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Watches and People: ReSTORATION and ReGENERATION

By June 1, 1998July 12th, 2023Career5 min read

It had been a fine Swiss watch, an early automatic from the 50s in 14K gold. It was proudly worn by my father, its dial showing that he was a Freemason. Engraved upon its back was the proclamation that it had been presented to honor him as the Worshipful Master of his lodge in 1956. I had kept it in a drawer for a long time not knowing what I would do with it. By the time I undertook the project to restore it, I literally had to scoop up the pieces, the case, the movement, a few loose gears, and a somewhat scratched crystal. The dial with the Masonic crest was particularly battle scarred, never meant for loose storage in a bureau drawer with coins, pencils and the other dregs disgorged from my pockets at the end of the day. Looking back, it was clear that while I didn’t seem to value this object, I couldn’t part with it either.

Finding someone to restore the watch was the first task. One jeweler kept it in an envelope for over a month without ever starting the work. Taking it elsewhere I found others who would promise no more interest or speed than the first. Eventually I placed the watch in the hands of a watchmaker who seemed genuinely interested and for whom the work presented no real problem. He carefully restored it, even finding new hands and a winding stem to replace those missing in action. He spent many hours tinkering, adjusting and calibrating.

The dial though, was something else again. Since I was not and probably would never be a Mason I wanted the symbol removed. Two dial re-finishers told me that it could not be restored. A call to the importer of the watch led in turn to a call to Switzerland, but alas, none were available for a watch of that era. Finally, as a last resort, the importer gave me a number that had been posted above his workbench for some time. It was a small specialty shop in Lancaster, Pennsylvania that did a variety of work with watches. I sent them the dial and two weeks later I was speaking on the phone with a man who held the dial in his hands. He told me that it was about 42 years old. “Exactly,” I said. “How did you know?” “I made this one,” he said. I was actually speaking with the individual who placed the Masonic symbol on the face of the watch when it was purchased for my father. As wondrous a coincidence as this was, it would only be a footnote to a badly ended story if he could not restore it as I wanted. He said confidently that he could and told me about all of the steps he would take to bring it back, even to placing the original brand name on the dial.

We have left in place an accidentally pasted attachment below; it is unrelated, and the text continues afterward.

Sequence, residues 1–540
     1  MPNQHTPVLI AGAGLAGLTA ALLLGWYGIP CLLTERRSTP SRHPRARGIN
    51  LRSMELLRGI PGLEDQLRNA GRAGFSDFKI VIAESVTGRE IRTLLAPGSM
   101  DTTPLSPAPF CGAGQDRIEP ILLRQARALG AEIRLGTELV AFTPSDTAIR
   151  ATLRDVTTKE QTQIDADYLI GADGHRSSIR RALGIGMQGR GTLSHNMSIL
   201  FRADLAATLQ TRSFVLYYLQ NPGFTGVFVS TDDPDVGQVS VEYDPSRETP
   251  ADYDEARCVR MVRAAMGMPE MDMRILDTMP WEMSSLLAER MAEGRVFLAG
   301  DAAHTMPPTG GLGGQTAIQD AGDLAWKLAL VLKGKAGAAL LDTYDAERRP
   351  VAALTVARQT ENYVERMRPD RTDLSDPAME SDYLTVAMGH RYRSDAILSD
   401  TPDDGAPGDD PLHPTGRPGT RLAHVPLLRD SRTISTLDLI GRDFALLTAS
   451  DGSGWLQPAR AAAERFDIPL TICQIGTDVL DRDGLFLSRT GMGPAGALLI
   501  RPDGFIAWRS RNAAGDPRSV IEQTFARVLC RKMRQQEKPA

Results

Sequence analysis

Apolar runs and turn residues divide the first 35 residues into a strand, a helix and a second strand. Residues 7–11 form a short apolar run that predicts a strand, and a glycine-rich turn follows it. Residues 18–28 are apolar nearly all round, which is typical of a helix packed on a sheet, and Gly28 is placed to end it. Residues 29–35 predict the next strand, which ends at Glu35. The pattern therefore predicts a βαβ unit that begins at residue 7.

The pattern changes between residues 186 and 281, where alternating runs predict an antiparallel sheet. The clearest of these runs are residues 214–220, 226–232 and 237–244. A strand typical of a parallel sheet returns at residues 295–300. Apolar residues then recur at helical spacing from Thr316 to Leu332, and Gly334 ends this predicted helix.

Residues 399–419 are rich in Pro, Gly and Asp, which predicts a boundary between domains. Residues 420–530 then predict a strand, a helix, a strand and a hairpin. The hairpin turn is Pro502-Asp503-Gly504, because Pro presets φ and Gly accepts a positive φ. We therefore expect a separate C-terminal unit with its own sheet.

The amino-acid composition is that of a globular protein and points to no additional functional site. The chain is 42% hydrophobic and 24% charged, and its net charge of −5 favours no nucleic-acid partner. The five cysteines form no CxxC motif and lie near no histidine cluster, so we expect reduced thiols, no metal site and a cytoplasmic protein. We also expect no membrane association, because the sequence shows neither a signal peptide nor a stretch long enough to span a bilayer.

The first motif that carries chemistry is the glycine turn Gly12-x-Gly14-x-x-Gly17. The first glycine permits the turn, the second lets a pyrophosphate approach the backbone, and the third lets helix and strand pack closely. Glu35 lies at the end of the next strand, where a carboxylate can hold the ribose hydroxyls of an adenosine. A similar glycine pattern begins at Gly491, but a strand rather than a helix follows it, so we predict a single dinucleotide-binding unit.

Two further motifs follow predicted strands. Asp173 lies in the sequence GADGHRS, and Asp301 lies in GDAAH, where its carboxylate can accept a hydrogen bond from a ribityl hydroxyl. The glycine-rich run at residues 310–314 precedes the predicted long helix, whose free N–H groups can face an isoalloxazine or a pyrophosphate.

Five months after starting, I was looking into the face of a beautifully restored watch and finally recognizing why I had done it.

I have often struggled with what was my legacy from my father. Along with the watch came some intangibles like anger, impatience, violence, and sarcasm as well as warmth, reason, romanticism, and intellect. For most of my life though I could see only the negatives. While my father’s watch was still intact, I could not see the movement inside or how it was a fabulous mechanical marvel. My eyes only saw as far as the dial and how it really didn’t represent me. This really was not about Masonry. The dial became the symbol for the many other ways I was really not like him. Over the years, the more the watch slid around in the drawer the more beaten and disassembled it became. In the same way it took a long time to separate the various traits and characteristics that I associated with my father. The personality I inherited also had to fall first into disrepair before its parts could be appreciated and then carefully restored. In both cases decisions and struggles ensued about what to keep and what to replace. As with the watch, searching for someone to help put me together was another far-reaching journey. Some had technical skills but no love for the process. Others meant well but lacked the ability to make a difference. Eventually, I found one of those very few, wonderful “watchmakers” among us who patiently puts our little wheels back in place and tenderly calibrates the inner movement so that we might keep time just a little better.

I truly love the watch that sits on my wrist. Its silver face is beautiful, the movement something special, the gold case shines, and its new alligator band is just right to set it all off. It is, like I am, an amalgam of original, new, and restored parts. I especially treasure the inscription that sits against my wrist, close to my pulse, because it was the celebration of a crowning moment in the life of a man who struggled valiantly. All of it stands for reclamation and triumph, for both of us.

Curiously, in the past few days, I’ve noticed that the minute hand is just a little bit too long. The watch is fine for now, but someday I may look for another set of hands. Restoration, after all, is not an event but a process.

Len Burres worked in a family business before joining the insurance industry.